December 2018

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“How International, Transnational, and Global History Conquered the World”

“How International, Transnational, and Global History Conquered the World”

November 30, 2018 to December 01, 2018
9AM - 5PM

Location: 

Heyman Center

Event Type: 

9AM - 5PM
 
 
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New Books in the Arts & Sciences Celebrating Recent Work by Brinkley Messick

New Books in the Arts & Sciences Celebrating Recent Work by Brinkley Messick

December 05, 2018
4:15 PM

Location: 

2nd Floor Common Room, Heyman Center

Event Type: 

4:15 PM
 
Cognition & Decision Seminar Series - "Faces: A Window into Cognition" - Speaker: Angela Yu

Cognition & Decision Seminar Series - "Faces: A Window into Cognition" - Speaker: Angela Yu

December 06, 2018
4:15pm-5:30pm

Location: 

Jerome L. Greene Science Center, 9th Floor Lecture Hall

Event Type: 

Cognition & Decision Seminar Series
Speaker: Angela Yu (University of California, San Diego)
Title: "Faces: A Window into Cognition"
Thursday, December 6, 2018
4:15pm-5:30pm
Location: Jerome L. Greene Science Center, 9th Floor Lecture Hall (Directions: https://manhattanville.columbia.edu/map)
RSVP HERE (All attendees must register using the sign-up link in order to gain access to the Greene Science Center.)
4:15pm-5:30pm
 
Socioeconomic Inequality in Children's Cognitive and Brain Development

Socioeconomic Inequality in Children's Cognitive and Brain Development

December 06, 2018
12:30 - 1:30 PM

Location: 

Columbia University School of Social Work 1255 Amsterdam Avenue, Room C03

Event Type: 

CPRC logo
THE COLUMBIA POPULATION RESEARCH CENTER PRESENTS
Socioeconomic Inequality in Children's Cognitive and Brain Development
 
Kimberly Noble
Kimberly Noble
Associate Professor of Neuroscience and Education
Teachers College, Columbia University
 
Thursday, December 6
12:30 - 1:30 PM
 
Columbia University School of Social Work
1255 Amsterdam Avenue, Room C03
RSVP NOW

Abstract

Socioeconomic disparities in childhood are associated with remarkable differences in cognitive and socio-emotional development during a time when dramatic changes are occurring in the brain. Recent work has focused on understanding the neurobiological pathways through which socioeconomic factors shape development. Behavioral evidence suggests that language, memory, social-emotional skills, and executive functions exhibit relatively large differences across socioeconomic lines, and more recent work has found differences in socioeconomic differences in brain structure in the very regions that support these skills. It is likely that socioeconomic factors operate via multiple mechanisms to explain the development of different neural circuits. A theoretical model will be presented whereby differences in the home language environment and family stress likely impact particular brain systems, which in turn support distinct neurocognitive skills. Evidence for the model, as well as ongoing and future work testing aspects of the model, will be discussed. Finally, the question of interventions will be addressed, along with an overview the first clinical trial of poverty reduction in early childhood.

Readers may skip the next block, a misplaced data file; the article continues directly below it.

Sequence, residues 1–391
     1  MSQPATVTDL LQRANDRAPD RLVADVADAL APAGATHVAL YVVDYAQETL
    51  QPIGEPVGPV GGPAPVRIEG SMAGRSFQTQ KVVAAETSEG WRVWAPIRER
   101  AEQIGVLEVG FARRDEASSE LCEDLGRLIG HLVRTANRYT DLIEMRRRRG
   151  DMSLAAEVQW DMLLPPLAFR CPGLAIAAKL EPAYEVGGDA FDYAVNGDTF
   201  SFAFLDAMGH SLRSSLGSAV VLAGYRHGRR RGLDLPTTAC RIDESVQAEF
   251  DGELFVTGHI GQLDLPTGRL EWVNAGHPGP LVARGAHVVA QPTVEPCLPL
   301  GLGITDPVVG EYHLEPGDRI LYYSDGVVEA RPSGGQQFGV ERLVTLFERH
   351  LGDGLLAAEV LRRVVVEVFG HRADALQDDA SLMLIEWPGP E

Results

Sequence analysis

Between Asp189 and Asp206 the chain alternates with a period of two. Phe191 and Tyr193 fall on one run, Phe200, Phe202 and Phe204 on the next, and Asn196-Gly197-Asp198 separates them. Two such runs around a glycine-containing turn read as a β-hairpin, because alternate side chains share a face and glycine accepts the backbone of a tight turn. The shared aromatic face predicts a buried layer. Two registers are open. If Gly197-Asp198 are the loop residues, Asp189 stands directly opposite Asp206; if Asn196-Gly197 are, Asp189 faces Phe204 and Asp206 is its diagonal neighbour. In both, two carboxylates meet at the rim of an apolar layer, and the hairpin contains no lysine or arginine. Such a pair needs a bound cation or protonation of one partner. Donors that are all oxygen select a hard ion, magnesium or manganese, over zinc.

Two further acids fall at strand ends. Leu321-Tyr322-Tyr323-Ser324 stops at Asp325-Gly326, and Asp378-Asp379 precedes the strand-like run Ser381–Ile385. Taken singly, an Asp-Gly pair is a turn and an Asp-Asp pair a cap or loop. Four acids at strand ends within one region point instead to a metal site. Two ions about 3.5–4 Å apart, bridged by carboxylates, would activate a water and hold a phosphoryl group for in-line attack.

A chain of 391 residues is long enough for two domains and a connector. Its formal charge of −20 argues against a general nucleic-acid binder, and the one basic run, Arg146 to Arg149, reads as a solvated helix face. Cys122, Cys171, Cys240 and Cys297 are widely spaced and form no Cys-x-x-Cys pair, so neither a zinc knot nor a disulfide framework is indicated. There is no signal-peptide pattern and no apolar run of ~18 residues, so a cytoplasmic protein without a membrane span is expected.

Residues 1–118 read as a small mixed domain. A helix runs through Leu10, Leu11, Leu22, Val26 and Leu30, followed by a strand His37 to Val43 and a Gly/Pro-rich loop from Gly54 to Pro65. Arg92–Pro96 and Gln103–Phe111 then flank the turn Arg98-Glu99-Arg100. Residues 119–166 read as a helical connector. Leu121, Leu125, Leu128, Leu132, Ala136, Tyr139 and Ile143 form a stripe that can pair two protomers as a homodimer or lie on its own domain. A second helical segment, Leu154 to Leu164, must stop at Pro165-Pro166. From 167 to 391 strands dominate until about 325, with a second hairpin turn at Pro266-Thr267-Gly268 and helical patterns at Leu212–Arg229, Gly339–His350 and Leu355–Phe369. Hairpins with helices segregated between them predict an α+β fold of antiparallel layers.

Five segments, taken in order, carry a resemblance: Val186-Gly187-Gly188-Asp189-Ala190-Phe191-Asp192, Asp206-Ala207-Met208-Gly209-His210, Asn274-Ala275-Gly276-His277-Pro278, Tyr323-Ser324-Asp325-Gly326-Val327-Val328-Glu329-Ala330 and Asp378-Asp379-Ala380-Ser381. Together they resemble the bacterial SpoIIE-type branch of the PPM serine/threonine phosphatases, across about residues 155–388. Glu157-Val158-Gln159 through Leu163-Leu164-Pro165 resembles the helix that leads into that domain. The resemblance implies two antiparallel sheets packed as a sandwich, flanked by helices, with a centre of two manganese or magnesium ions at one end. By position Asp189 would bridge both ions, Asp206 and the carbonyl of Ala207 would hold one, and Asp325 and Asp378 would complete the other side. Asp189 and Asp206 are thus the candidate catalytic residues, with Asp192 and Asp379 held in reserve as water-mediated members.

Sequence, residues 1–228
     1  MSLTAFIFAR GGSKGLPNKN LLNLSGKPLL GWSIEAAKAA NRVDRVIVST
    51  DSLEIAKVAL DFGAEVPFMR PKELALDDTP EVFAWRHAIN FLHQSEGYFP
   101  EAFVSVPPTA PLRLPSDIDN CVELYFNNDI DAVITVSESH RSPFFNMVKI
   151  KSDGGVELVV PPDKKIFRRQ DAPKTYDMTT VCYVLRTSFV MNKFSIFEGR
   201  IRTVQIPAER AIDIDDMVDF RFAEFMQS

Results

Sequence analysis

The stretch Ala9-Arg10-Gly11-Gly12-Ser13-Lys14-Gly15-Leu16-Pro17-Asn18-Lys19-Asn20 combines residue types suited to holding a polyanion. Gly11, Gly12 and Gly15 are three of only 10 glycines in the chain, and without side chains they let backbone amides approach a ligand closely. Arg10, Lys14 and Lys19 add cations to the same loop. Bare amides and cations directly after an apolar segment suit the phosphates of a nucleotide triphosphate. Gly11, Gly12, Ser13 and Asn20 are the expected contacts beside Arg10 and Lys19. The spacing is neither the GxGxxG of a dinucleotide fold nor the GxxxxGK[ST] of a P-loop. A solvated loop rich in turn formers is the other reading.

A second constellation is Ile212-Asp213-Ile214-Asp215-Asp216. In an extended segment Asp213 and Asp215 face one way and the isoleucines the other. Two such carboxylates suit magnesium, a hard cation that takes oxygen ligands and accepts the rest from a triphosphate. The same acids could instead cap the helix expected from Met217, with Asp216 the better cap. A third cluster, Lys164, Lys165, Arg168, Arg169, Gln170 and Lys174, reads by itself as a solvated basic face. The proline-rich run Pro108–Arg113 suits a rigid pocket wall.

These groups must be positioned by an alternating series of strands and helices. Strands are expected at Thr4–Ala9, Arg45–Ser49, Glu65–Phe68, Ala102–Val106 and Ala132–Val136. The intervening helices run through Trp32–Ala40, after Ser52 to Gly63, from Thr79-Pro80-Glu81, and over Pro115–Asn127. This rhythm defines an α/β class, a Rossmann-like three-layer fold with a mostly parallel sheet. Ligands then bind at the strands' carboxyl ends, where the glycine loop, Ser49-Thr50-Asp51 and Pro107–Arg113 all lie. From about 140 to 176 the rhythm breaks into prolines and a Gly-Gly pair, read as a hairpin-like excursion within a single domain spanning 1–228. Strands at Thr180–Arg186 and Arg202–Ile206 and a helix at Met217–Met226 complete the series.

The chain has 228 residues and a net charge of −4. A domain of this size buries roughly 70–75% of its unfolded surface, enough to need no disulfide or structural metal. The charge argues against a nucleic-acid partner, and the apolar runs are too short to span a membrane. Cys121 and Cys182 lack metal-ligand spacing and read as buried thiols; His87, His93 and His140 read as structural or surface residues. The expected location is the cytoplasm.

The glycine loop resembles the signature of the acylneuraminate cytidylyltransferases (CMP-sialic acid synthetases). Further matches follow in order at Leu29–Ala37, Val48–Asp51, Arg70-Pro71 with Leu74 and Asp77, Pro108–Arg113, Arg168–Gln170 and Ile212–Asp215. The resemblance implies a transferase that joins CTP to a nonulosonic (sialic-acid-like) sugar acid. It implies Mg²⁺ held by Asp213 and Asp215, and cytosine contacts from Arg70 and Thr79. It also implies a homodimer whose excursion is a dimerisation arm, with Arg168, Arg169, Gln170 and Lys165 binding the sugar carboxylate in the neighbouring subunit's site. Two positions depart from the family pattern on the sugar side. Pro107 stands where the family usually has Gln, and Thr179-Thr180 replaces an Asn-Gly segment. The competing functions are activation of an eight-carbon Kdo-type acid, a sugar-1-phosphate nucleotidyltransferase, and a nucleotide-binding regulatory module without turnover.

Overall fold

Bio

Kimberly Noble, MD, PhD, is an Associate Professor of Neuroscience and Education at Teachers College, Columbia University. As a neuroscientist and board-certified pediatrician, she directs the Neurocognition, Early Experience and Development (NEED) lab where she and her team study how socioeconomic inequality relates to in children's cognitive and brain development.  Her work examines socioeconomic disparities in cognitive development, as well as brain structure and function, across infancy, childhood and adolescence. With funding from NIH and a consortium of foundations, she and a multidisciplinary team from around the country recently launched the first clinical trial of poverty reduction to assess the causal impact of income on children’s cognitive, emotional and brain development in the first three years of life. Dr. Noble received her undergraduate, graduate and medical degrees at the University of Pennsylvania, completed postdoctoral training at the Sackler Institute of Developmental Psychobiology of Weill Cornell Medical College, and completed her residency in pediatrics at Columbia University Medical Center / Morgan Stanley Children’s Hospital of New York - Presbyterian. She is a Fellow of the Association for Psychological Science, and was awarded the 2017 APS Janet Taylor Spence Award for Transformative Early Career Contributions. Her work linking family income to brain structure across childhood and adolescence has received worldwide attention in the popular press.
 
CPRC logo full
Videoconference is available at: 
Mailman School of Public Health
722 West 168th Street, Room 460
12:30 - 1:30 PM
 
 
 
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